Stacy Keach Calls -- The Veteran Actor's Role Touches On The Family Bonds He Cherishes

Stacy Keach is best known for playing tough guys. Hard guys.

Swaggering, hard-boiled TV detective Mike Hammer. Hard-drinking, hard-writing, hard-playing Ernest Hemingway in the 1988 TV miniseries about the author.

Heck, his Broadway debut was as the hard-riding Buffalo Bill.

But those characters merely skim the surface of Keach's repertoire. To theater buffs, the square-jawed, resonant-voiced actor is known for his three Obie Awards for Off-Broadway performances and his nearly three decades in professional theater, acting in everything from "Hamlet" to "The King and I" to "The Kentucky Cycle." He also has studied drama at the University of California at Berkeley, the Yale School of Drama and the London Academy of Music and Dramatic Arts, where he was a Fulbright Scholar.

A touring role

Keach will bring his wealth of experience to Seattle when he stars in the touring production of "An Inspector Calls" at the Paramount Theatre July 23 to Aug. 4.

Keach plays Arthur Birling, the family patriarch, in J.B. Priestley's play about a police inspector who uncovers the wealthy Birling family's collective guilt and shame over their roles in a young woman's suicide.

"It's a morality play disguised as a mystery," Keach said in a phone interview from Minneapolis, where the play is currently performing. "Priestley believed that ultimately we all have to take responsibility for one another."

Keach first saw this production on Broadway in 1994, and was "overwhelmed by the ingenuity and non-traditional way this play was presented by the company," he said.

Billed as "American film noir meets Edwardian England," the production has won numerous awards for set design, lighting, music and special effects.

Keach's character, he said, is "deeply committed to the principle that you commit to yourself and your family, and everyone else can screw themselves."

"When my agent called me and said the show was coming to L.A. and had a role for me," Keach said, "I leapt at the chance, because I love the play and I also get to spend more time with my family."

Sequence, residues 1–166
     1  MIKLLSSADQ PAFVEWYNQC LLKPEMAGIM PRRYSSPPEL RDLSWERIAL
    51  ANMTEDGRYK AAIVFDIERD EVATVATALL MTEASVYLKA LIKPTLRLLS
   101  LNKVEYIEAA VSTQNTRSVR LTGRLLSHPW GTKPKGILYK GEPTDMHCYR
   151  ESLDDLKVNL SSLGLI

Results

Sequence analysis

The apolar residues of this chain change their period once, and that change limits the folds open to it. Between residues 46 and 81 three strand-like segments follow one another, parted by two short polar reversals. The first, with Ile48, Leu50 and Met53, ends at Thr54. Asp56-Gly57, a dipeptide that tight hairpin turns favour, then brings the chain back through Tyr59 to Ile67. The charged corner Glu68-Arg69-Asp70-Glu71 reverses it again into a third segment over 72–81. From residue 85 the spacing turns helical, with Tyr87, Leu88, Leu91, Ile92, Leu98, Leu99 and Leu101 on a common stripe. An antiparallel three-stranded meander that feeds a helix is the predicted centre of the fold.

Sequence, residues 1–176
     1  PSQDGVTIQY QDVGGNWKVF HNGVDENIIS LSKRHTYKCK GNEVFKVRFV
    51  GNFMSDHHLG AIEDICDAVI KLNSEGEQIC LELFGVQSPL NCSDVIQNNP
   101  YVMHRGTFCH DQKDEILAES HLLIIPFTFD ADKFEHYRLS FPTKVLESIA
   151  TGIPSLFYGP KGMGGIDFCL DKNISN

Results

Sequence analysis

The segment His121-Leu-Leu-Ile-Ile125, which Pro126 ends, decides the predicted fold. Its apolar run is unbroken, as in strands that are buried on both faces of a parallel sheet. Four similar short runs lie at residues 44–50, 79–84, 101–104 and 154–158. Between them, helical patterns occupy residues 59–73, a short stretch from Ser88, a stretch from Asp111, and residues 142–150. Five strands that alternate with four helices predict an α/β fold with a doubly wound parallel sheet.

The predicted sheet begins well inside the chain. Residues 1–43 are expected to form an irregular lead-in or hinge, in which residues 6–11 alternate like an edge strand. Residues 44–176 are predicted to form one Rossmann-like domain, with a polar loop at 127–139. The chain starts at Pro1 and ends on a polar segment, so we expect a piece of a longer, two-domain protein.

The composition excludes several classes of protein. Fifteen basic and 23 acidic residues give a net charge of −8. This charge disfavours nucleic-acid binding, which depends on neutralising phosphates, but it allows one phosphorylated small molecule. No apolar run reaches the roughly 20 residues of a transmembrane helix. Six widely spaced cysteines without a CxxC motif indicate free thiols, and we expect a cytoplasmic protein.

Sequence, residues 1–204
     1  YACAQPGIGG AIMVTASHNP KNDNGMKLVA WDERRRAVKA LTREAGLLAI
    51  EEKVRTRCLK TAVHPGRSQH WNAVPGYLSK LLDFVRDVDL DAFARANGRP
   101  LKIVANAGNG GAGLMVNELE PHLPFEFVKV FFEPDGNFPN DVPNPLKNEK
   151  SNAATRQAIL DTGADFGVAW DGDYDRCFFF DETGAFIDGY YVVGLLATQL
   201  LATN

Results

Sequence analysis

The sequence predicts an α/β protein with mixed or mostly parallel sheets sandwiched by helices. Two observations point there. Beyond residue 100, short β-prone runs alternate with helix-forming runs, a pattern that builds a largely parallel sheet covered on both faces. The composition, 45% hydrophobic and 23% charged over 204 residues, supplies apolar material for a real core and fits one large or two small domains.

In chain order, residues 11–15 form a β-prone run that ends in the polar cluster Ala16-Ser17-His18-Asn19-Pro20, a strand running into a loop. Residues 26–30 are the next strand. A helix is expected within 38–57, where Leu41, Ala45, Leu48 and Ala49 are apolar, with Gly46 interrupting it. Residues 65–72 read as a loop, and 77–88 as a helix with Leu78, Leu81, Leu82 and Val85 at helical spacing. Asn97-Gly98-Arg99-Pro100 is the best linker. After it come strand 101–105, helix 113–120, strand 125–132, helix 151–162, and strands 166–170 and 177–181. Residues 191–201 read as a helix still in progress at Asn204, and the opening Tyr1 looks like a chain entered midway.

Keach is a far cry from the hard-punching, straight-shooting character he portrayed in the popular 1984-85 series "Mickey Spillane's Mike Hammer." What gets him excited is talking about his family - his 8-year-old son, Shannon (who, Keach proudly points out, recently won an academic award in his second-grade class), his daughter, 5-year-old Karolina, and his wife of 10 years, Polish-born actress Malgosia Tomassi.

His family will be with him during the first week of the play, perhaps taking in some sights at the Seattle waterfront. Keach's only prior stint in Seattle was seven years ago, filming the movie "Class of 1999."

Fans of Keach's portrayals of tough characters needn't despair, however. He'll play the commander of a police force in the Kurt Russell action movie "Escape from L.A.," scheduled to be released in August. And there's talk of bringing back "Mike Hammer" as a series, with a younger sidekick.

He's also moving into production. A history buff, Keach is working on a 27-part "maxi-series," as he puts it, about the family of John Wilkes Booth, President Lincoln's assassin.

"The Booth family were really responsible for Shakespeare coming to America," Keach said. "They were the premier actors of their day."

His voice grows animated as he talks about the minutiae of the Booth saga: about the theory that Booth was never assassinated and lived a long life in Texas; about how actors were reviled after Booth's assassination of Lincoln.

He waxes philosophical about his love of history and acting: "I think the whole dynamic that exists between illusion and reality is one way of looking at history. And I think acting, in that respect, is a good metaphor for human events."

Not exactly the kind of words we're used to hearing from the likes of Mike Hammer. And all the better.